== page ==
While on the computer, I keep one copy running at priority 1. I can't imagine why I'd see a performance hit this way, considering when anyone is on a single core computer with prime95 running at priority 1 they don't notice a performance hit. (Unless they do and it's minimal enough that they don't mention it.) I figure any performance hit they get would be just about the same as they would take on a dual core running at least one copy at priority 1.

Cruelty 2006-10-19 07:11

[QUOTE=dominicanpapi82;89450]Ideally it's supposed to be no, but for me it's always been a very definite yes.[/QUOTE] How much % do you actually gain?

Ethan Hansen 2006-10-19 22:18

You may see a gain in P95 throughput on one processor, as all work is being sent to the other. If you run multiple applications or any apps that are multi-threaded, however, you lose all benefit of having the second processor. Unless you have some other background program devouring processor cycles, you shouldn't see much difference in Prime95 times.

JuanTutors 2006-10-20 14:36

[quote=Cruelty;89455]How much % do you actually gain?[/quote]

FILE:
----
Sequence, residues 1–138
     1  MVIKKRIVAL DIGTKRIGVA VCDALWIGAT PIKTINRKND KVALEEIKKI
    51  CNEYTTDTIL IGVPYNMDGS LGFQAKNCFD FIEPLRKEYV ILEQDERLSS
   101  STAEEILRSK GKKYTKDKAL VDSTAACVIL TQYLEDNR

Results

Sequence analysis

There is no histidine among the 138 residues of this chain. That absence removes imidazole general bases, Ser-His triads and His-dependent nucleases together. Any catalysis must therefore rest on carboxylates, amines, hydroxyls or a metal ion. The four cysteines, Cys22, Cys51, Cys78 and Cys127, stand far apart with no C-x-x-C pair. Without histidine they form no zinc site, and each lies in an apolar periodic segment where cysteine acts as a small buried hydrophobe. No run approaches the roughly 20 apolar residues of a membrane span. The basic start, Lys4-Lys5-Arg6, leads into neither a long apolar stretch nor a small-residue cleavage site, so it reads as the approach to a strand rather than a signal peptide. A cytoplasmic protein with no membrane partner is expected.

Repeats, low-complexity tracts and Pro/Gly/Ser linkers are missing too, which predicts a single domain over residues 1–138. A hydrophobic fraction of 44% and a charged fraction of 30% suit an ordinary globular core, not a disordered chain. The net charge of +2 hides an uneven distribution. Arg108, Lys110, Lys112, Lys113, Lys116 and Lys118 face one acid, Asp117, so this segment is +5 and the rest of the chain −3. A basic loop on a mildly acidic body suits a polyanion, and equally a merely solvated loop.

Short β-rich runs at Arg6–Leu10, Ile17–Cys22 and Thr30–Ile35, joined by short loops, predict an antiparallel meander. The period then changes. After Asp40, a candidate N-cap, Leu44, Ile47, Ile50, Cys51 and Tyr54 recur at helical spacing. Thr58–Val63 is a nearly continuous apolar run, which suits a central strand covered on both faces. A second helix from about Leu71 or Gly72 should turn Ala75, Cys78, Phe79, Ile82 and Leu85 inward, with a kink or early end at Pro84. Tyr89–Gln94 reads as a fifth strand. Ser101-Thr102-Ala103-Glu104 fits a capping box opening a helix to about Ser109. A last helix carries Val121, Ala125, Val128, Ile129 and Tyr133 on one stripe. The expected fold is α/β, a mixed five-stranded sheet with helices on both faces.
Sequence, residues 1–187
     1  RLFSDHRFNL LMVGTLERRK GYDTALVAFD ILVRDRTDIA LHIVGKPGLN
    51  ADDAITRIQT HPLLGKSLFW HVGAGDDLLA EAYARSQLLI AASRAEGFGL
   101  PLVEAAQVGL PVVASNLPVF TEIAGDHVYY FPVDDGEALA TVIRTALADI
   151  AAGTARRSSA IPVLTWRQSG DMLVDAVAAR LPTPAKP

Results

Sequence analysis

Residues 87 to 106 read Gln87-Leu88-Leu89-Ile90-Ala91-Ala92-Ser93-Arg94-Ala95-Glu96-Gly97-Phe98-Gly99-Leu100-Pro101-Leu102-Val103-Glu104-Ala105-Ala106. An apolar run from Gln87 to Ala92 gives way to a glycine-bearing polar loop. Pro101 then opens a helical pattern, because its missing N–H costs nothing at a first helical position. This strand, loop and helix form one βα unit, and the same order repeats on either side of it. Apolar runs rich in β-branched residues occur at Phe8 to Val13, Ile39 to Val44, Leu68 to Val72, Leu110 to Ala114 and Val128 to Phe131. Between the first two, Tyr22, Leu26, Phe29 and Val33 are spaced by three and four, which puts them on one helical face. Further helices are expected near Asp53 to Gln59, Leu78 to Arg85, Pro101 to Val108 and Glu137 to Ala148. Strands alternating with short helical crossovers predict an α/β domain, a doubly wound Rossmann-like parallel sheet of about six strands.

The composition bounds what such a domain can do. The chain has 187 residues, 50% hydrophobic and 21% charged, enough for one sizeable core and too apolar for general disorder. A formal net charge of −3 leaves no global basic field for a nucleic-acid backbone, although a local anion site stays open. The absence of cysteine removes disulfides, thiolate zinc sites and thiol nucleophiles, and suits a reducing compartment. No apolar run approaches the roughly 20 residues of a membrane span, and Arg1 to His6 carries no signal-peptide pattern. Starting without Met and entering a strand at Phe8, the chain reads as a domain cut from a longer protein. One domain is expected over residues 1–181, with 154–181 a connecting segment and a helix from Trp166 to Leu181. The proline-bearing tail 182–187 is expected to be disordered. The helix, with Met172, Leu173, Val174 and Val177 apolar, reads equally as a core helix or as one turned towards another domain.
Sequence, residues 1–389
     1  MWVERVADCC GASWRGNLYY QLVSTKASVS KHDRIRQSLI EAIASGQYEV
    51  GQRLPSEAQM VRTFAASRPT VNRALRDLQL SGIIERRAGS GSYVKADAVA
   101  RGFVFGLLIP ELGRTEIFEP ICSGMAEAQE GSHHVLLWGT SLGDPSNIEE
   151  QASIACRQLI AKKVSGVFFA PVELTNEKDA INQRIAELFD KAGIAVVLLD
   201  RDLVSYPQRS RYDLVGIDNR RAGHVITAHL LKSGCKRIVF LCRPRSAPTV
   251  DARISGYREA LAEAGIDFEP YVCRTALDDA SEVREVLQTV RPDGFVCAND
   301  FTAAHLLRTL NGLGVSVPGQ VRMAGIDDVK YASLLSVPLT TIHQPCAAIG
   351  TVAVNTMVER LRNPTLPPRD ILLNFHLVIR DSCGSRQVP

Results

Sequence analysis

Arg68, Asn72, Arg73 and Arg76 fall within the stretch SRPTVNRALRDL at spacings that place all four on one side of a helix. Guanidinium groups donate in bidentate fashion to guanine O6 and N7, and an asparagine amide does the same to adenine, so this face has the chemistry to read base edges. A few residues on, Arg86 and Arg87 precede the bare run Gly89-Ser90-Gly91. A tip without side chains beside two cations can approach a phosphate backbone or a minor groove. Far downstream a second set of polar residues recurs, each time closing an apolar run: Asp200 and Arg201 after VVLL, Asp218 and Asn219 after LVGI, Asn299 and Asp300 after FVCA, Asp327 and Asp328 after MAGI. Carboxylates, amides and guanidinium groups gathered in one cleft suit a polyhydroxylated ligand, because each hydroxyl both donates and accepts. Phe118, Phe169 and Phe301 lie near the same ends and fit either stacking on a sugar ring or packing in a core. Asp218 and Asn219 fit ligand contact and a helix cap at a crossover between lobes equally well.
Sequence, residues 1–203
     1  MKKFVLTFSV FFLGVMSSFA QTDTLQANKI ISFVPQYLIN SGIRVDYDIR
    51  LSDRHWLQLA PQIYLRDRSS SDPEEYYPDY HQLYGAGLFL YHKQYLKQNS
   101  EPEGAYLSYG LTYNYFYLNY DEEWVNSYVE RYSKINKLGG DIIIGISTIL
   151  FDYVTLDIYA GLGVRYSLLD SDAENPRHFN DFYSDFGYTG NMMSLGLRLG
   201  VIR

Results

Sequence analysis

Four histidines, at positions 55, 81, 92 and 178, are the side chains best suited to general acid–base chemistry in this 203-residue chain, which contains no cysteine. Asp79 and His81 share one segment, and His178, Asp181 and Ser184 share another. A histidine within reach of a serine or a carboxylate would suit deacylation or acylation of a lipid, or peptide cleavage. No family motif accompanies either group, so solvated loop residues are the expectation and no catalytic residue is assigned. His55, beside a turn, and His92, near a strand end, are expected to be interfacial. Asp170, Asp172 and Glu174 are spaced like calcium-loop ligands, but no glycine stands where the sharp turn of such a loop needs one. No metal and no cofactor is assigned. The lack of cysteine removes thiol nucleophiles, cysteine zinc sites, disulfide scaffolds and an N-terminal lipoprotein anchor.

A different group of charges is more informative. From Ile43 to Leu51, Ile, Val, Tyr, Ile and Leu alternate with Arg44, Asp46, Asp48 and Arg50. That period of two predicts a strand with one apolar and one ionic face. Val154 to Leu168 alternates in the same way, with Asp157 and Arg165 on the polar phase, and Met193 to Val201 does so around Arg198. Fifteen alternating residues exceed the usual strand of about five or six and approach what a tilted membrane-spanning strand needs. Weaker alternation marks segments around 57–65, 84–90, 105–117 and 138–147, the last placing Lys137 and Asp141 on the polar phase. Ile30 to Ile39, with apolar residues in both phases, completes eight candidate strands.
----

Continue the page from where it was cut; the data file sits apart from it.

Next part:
For my single core machine, if I'm not on the computer then about 5%. Actually I run it at priority 8 when I AM on it, and that gives me between a 15% and 35% improvement. I don't know if priority 8 is generally a good thing for single core machines, judging from what people have said above

For my dual core machine, if I run one copy at priority 10, then I get about 5% improvement while off it, and 15 to 35% improvement while on it. I noticed my second copy, which will run at priority 1 while on it, doesn't slow down NEARLY twice as much, so the speed gain is actually pretty accurate.


All times are UTC. The time now is 03:03.

Powered by vBulletin® Version 3.8.11
Copyright ©2000 - 2020, Jelsoft Enterprises Ltd.